# The following (comma delimited) options are available for frag2
#    timeout [seconds] - sets the number of [seconds] that an unfinished
#                        fragment will be kept around waiting for
completion,
#                        if this time expires the fragment will be
flushed
#    memcap [bytes] - limit frag2 memory usage to [number] bytes
#                      (default:  4194304)
#
#    min_ttl [number] - minimum ttl to accept
#
#    ttl_limit [number] - difference of ttl to accept without alerting
#                         will cause false positves with router flap
#
# Frag2 uses Generator ID 113 and uses the following SIDS
# for that GID:
#  SID     Event description
# -----   -------------------
#   1       Oversized fragment (reassembled frag > 64k bytes)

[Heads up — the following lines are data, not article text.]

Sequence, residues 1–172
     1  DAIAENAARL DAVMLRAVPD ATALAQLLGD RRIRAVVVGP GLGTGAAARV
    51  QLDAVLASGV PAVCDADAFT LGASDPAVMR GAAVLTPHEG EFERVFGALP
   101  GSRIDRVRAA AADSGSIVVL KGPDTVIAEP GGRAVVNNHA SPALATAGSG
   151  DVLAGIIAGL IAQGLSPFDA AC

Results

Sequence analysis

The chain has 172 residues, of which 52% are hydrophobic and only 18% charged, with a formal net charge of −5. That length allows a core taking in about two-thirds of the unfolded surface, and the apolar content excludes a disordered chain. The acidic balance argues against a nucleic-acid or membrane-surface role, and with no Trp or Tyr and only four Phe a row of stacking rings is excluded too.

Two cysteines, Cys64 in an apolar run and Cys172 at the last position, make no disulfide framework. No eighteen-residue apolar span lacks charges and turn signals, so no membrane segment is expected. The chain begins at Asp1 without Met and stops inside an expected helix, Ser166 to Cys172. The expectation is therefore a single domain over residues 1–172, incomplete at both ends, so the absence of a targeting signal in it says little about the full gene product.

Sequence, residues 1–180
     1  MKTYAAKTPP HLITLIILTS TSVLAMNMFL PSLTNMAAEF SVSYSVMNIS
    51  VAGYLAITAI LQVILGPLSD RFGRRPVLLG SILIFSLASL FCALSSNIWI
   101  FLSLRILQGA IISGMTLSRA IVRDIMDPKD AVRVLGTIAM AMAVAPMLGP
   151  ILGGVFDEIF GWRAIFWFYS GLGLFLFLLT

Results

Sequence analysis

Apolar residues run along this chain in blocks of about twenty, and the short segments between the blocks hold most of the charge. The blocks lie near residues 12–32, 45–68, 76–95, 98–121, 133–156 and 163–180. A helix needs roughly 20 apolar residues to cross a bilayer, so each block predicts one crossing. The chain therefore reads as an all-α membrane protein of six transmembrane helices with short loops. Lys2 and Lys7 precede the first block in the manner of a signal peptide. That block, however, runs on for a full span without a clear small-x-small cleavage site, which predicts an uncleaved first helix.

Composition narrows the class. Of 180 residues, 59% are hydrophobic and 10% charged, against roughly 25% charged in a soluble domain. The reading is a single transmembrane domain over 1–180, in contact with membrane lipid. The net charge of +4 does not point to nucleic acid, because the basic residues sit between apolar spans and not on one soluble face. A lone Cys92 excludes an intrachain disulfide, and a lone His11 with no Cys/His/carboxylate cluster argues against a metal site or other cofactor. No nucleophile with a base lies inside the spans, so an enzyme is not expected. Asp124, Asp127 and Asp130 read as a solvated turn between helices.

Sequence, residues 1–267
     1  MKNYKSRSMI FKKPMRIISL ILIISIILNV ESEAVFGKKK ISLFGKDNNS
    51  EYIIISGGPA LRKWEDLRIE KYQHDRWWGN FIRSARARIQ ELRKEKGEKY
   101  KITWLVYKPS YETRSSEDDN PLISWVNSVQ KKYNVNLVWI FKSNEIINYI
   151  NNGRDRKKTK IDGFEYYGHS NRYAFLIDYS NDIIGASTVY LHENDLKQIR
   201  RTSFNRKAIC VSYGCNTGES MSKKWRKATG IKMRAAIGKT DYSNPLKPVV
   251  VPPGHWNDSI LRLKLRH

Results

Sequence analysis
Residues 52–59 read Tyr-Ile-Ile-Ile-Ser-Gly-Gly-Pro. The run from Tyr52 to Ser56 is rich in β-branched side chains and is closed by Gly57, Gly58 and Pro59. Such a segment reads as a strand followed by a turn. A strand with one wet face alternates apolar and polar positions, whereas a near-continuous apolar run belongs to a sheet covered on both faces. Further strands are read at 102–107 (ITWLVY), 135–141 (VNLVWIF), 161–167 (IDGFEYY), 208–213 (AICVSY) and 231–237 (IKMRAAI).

#   2       Teardrop-type attack

preprocessor frag2

# stream4: stateful inspection/stream reassembly for Snort
#----------------------------------------------------------------------
# Use in concert with the -z [all|est] command line switch to defeat
stick/snot
# against TCP rules.  Also performs full TCP stream reassembly, stateful
# inspection of TCP streams, etc.  Can statefully detect various
portscan
# types, fingerprinting, ECN, etc.

# stateful inspection directive
# no arguments loads the defaults (timeout 30, memcap 8388608)
# options (options are comma delimited):
#   detect_scans - stream4 will detect stealth portscans and generate
alerts
#                  when it sees them when this option is set
#   detect_state_problems - detect TCP state problems, this tends to be
very
#                           noisy because there are a lot of crappy ip
stack
#                           implementations out there
#